The Federal Reserve on Tuesday asked the six largest US banks to gather data on how their businesses would be affected by “a range of plausible future outcomes” related to climate change and the transition to a lower-carbon economy in what it considered a pilot effort. to ensure that the financial system is prepared for the risks posed by global warming.
The scenario analysis, including estimates of how real estate portfolios could be affected by “physical risk” and how corporate lending could be affected by the transition to a net-zero carbon economy by 2050, “are neither forecasts nor guidelines,” the US central bank said. “They do not necessarily represent the most likely future results.”
Instead, the analysis is intended to “build understanding of how certain climate-related financial risks may manifest” in terms of changes in the likelihood of loan defaults, losses and internal risk assessments.
“The Fed has narrow but important responsibilities regarding climate-related financial risks — to ensure that banks understand and manage their material risks, including the financial risks from climate change,” Fed Vice President for Supervision Michael Barr said in a statement.
“The exercise we are launching today will advance the ability of regulators and banks to analyze and manage emerging climate-related financial risks,” he said.
The 52-page set of instructions requests responses by July 31 from Bank of America, Citigroup, Goldman Sachs Group, JPMorgan Chase, Morgan Stanley and Wells Fargo.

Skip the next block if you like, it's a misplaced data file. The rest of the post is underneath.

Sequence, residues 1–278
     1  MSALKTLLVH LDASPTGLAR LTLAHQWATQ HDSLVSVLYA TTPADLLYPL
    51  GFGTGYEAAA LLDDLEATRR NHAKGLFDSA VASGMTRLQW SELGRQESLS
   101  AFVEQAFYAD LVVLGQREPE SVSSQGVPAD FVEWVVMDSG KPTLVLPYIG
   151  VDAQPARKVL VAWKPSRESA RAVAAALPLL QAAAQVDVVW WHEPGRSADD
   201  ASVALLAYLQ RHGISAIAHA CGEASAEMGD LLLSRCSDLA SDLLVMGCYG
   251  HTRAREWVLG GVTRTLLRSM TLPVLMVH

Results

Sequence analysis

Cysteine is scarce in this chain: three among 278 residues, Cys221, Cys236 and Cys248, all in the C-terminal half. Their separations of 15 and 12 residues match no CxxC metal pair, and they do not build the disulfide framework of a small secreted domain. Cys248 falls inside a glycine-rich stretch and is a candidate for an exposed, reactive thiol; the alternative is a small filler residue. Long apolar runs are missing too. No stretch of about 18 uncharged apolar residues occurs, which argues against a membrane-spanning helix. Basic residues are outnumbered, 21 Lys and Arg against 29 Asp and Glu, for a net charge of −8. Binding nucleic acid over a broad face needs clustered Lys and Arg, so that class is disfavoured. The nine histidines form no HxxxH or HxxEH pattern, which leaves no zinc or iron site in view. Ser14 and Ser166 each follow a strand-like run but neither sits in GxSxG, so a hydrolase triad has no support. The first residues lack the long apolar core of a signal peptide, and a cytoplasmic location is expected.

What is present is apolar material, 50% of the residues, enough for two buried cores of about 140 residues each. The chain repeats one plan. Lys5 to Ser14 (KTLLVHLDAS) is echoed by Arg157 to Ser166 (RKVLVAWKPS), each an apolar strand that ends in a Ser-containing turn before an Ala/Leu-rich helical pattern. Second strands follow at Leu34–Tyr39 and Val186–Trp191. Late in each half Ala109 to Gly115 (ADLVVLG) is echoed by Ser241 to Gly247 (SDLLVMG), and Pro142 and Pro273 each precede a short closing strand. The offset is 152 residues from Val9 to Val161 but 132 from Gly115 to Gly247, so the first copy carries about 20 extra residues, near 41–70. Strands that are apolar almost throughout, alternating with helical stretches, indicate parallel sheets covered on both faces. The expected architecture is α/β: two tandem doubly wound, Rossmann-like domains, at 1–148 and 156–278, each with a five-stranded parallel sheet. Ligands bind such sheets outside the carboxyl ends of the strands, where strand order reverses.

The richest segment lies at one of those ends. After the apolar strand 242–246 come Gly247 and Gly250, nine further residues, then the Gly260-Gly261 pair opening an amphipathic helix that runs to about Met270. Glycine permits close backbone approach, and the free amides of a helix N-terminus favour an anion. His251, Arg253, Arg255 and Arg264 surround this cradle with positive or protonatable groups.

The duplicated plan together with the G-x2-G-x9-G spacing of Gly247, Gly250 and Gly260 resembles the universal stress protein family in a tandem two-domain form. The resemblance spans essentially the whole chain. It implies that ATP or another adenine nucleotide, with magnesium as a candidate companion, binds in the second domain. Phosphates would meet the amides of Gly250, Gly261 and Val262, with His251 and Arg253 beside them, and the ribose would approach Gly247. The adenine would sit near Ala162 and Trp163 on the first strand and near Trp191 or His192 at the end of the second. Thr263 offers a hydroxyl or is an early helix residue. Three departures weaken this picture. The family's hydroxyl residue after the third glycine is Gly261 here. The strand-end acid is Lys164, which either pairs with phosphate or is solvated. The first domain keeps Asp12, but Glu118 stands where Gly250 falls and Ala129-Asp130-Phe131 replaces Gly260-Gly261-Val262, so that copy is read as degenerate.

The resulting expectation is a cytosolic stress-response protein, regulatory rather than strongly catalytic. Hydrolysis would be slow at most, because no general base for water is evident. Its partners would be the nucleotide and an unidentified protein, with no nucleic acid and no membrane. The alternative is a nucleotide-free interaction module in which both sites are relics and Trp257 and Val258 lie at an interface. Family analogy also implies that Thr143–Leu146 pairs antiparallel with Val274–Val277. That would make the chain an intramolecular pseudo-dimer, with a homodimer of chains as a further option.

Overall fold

The Fed said it would publish a summary of the results around the end of 2023, and would not disclose any bank-specific findings.
‘EXCELLENT IN NATURE’
The climate analysis is separate from the “stress tests” that the Fed carries out as part of the supervision of the banks to see if they have enough capital to cover losses in the event of an immediate economic shock.
In contrast, the climate analysis is a more tentative step described by the Fed as “exploratory in nature” and without any “bank capital or supervisory implications.”
Still, it represents a move into controversial territory.
Some members of Congress, particularly Republicans, have urged the Fed to avoid climate policy, and Fed Chair Jerome Powell has responded – as recently as last week – by insisting that the central bank has no plans to use its authority to shape credit decisions or try. to steer investments away from, for example, the fossil fuel industry.
At the same time, Fed officials say their responsibility for the stability of the financial sector requires recognizing and preparing for the risks posed over time by warmer temperatures, more volatile weather and the potential disruptions involved in a transition away from fossil fuels.
Even that notion has attracted opposition. When the US central bank last month published a broad set of guidelines for large banks on climate risk reduction, Fed Governor Chris Waller dissented on the grounds that climate change does not pose a financial stability risk and that the usual stress tests already show banks. are resilient.
However, other central banks have taken steps to better understand the risks involved. The Bank of England published its first climate scenario analysis of the UK financial system last year, assessing both insurers and banks for risk exposure to the physical threats of climate change and to stresses during the expected transition to net zero carbon emissions in the coming decades. The European Central Bank published its own test scheme for climate scenarios last year.